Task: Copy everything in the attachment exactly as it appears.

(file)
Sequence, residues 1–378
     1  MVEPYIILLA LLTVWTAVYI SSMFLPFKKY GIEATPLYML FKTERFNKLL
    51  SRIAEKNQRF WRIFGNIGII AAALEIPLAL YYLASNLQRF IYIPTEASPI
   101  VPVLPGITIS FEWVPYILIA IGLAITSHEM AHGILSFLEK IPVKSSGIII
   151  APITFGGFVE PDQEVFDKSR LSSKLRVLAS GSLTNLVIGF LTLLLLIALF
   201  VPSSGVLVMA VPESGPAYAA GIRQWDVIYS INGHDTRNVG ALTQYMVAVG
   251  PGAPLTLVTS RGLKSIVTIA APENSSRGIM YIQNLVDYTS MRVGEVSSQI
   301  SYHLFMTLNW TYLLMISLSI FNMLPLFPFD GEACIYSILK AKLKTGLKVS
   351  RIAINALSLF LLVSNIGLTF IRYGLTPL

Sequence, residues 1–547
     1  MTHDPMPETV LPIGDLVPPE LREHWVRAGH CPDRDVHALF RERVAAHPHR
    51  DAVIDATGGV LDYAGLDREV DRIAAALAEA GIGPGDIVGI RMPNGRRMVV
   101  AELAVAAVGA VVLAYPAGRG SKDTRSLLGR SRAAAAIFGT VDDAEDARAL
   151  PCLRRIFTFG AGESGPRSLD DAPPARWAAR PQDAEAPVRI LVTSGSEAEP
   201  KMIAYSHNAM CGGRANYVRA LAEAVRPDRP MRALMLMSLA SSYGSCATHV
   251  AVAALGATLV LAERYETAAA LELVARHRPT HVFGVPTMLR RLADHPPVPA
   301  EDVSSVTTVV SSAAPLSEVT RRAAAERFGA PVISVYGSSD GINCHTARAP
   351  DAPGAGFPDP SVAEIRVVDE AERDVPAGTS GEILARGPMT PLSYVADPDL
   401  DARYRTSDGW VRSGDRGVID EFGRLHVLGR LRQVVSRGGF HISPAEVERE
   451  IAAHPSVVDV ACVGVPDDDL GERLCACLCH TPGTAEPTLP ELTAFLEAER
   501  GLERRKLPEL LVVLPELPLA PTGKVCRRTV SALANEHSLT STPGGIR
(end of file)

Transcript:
Sequence, residues 1–378
     1  MVEPYIILLA LLTVWTAVYI SSMFLPFKKY GIEATPLYML FKTERFNKLL
    51  SRIAEKNQRF WRIFGNIGII AAALEIPLAL YYLASNLQRF IYIPTEASPI
   101  VPVLPGITIS FEWVPYILIA IGLAITSHEM AHGILSFLEK IPVKSSGIII
   151  APITFGGFVE PDQEVFDKSR LSSKLRVLAS GSLTNLVIGF LTLLLLIALF
   201  VPSSGVLVMA VPESGPAYAA GIRQWDVIYS INGHDTRNVG ALTQYMVAVG
   251  PGAPLTLVTS RGLKSIVTIA APENSSRGIM YIQNLVDYTS MRVGEVSSQI
   301  SYHLFMTLNW TYLLMISLSI FNMLPLFPFD GEACIYSILK AKLKTGLKVS
   351  RIAINALSLF LLVSNIGLTF IRYGLTPL

Sequence, residues 1–547
     1  MTHDPMPETV LPIGDLVPPE LREHWVRAGH CPDRDVHALF RERVAAHPHR
    51  DAVIDATGGV LDYAGLDREV DRIAAALAEA GIGPGDIVGI RMPNGRRMVV
   101  AELAVAAVGA VVLAYPAGRG SKDTRSLLGR SRAAAAIFGT VDDAEDARAL
   151  PCLRRIFTFG AGESGPRSLD DAPPARWAAR PQDAEAPVRI LVTSGSEAEP
   201  KMIAYSHNAM CGGRANYVRA LAEAVRPDRP MRALMLMSLA SSYGSCATHV
   251  AVAALGATLV LAERYETAAA LELVARHRPT HVFGVPTMLR RLADHPPVPA
   301  EDVSSVTTVV SSAAPLSEVT RRAAAERFGA PVISVYGSSD GINCHTARAP
   351  DAPGAGFPDP SVAEIRVVDE AERDVPAGTS GEILARGPMT PLSYVADPDL
   401  DARYRTSDGW VRSGDRGVID EFGRLHVLGR LRQVVSRGGF HISPAEVERE
   451  IAAHPSVVDV ACVGVPDDDL GERLCACLCH TPGTAEPTLP ELTAFLEAER
   501  GLERRKLPEL LVVLPELPLA PTGKVCRRTV SALANEHSLT STPGGIR